Student learning outcomes (SLOs) are the foundation of curriculum development and student learning assessment. Outcomes serve to convert lofty learning goals into measurable statements of what students will be able to demonstrate or do by the time they complete that academic program. Because they focus on the destination – expected student learning, outcomes serve as a “north star” guiding the creation of curriculum that leads to those outcomes and the selection of assessment measures to evaluate if the outcomes have been achieved. Outcomes are aligned to, and derived from, a program’s goals for teaching and learning and they then inform decisions about curriculum content and sequences, course design, pedagogical strategies, assignments and assessments. In short, student learning outcomes help faculty and programs explain what they do and why they do it.

A Note About Jargon: There is considerable variation, and therefore resulting confusion, in the use of vocabulary associated with describing what students are supposed to learn in an academic program. This is particularly true for the terms goals, objectives, and outcomes. Rather than worry about the “right” definition, it’s more important that there is  consistent use of the terms within an institution. Here’s how the terms are used here:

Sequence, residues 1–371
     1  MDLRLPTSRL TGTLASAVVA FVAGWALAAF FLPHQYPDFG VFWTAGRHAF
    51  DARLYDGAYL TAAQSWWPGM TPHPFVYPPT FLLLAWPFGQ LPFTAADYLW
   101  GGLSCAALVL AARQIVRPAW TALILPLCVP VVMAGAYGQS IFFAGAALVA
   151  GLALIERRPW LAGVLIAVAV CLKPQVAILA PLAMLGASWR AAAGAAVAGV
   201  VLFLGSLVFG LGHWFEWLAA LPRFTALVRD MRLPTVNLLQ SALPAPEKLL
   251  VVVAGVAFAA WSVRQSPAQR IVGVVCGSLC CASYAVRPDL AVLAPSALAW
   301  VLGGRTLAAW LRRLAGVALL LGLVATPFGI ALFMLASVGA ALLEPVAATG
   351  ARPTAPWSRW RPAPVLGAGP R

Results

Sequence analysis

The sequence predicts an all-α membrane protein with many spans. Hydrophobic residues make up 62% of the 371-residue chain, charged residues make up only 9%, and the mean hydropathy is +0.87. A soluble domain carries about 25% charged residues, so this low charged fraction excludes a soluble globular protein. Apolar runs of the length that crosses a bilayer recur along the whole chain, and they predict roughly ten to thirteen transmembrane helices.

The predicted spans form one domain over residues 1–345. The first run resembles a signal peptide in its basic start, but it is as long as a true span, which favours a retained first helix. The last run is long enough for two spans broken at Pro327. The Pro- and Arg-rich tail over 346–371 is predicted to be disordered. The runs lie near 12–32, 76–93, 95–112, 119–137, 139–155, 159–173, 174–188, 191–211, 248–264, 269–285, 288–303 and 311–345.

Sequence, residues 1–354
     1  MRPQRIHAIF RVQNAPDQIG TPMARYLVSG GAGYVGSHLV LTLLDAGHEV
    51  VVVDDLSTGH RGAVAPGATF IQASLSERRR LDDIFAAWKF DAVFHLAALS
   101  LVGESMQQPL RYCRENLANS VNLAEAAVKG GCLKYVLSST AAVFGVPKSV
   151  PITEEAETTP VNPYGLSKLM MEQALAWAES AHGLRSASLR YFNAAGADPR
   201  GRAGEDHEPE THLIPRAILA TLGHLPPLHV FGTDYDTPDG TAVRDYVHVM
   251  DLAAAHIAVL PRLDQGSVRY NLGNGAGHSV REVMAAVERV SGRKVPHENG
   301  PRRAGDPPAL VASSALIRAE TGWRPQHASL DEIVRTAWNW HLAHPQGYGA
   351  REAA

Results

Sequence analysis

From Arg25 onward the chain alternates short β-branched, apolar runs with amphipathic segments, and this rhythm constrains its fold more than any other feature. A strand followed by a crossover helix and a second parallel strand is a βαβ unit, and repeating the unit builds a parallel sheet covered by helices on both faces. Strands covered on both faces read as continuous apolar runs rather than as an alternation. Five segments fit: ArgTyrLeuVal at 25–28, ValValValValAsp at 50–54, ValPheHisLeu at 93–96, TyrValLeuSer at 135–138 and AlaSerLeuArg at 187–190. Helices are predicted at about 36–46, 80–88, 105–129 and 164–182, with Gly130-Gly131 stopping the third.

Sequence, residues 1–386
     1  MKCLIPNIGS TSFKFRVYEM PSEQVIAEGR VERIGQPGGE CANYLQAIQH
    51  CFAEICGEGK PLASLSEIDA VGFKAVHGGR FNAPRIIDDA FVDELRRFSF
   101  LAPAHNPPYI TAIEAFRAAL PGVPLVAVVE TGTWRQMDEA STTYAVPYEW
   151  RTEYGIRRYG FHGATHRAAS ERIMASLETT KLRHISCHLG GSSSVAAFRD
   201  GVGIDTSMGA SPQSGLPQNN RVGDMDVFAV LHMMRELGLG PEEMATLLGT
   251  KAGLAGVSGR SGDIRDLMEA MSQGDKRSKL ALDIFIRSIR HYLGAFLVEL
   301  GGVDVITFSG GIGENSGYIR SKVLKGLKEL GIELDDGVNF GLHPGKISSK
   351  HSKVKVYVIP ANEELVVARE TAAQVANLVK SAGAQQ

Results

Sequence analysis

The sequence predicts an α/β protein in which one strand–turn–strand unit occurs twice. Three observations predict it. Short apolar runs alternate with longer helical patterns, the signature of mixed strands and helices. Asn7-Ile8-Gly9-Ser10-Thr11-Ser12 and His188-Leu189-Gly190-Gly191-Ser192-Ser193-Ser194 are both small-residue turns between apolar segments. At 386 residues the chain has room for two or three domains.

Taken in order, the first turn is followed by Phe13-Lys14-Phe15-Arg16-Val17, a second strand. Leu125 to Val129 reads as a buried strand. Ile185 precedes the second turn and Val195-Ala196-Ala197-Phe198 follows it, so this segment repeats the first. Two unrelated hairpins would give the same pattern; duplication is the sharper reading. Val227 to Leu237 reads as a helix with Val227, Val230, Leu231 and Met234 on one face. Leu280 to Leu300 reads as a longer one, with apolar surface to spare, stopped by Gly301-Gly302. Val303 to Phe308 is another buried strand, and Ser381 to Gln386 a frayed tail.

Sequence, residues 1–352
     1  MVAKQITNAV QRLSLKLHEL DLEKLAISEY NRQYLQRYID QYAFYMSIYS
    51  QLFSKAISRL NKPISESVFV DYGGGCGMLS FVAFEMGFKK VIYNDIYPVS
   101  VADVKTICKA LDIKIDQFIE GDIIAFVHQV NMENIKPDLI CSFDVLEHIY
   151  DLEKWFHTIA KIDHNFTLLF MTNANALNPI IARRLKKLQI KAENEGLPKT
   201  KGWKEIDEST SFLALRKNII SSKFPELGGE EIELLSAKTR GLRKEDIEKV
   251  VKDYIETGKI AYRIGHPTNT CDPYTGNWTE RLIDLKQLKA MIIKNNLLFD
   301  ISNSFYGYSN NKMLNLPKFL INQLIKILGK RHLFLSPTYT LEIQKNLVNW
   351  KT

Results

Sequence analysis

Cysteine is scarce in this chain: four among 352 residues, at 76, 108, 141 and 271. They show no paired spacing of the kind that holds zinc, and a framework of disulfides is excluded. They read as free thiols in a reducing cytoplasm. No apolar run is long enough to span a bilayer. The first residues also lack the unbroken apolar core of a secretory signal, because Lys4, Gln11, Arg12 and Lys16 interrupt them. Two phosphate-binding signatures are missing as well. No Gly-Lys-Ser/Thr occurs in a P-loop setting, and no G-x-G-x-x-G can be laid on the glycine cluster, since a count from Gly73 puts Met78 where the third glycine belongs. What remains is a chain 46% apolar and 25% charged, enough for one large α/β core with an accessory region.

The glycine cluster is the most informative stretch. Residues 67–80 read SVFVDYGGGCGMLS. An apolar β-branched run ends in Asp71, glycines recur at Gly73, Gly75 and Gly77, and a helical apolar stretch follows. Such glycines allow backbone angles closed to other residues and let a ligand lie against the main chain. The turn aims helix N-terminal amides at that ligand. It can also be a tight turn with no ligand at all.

• Goals refer to the hopes and dreams that faculty have for student learning in their program and their courses. Goals are teacher-oriented, what the teacher hopes to accomplish. 
  • Outcomes, in contrast, are student-focused. They articulate what students will be able to do when they complete the program of study.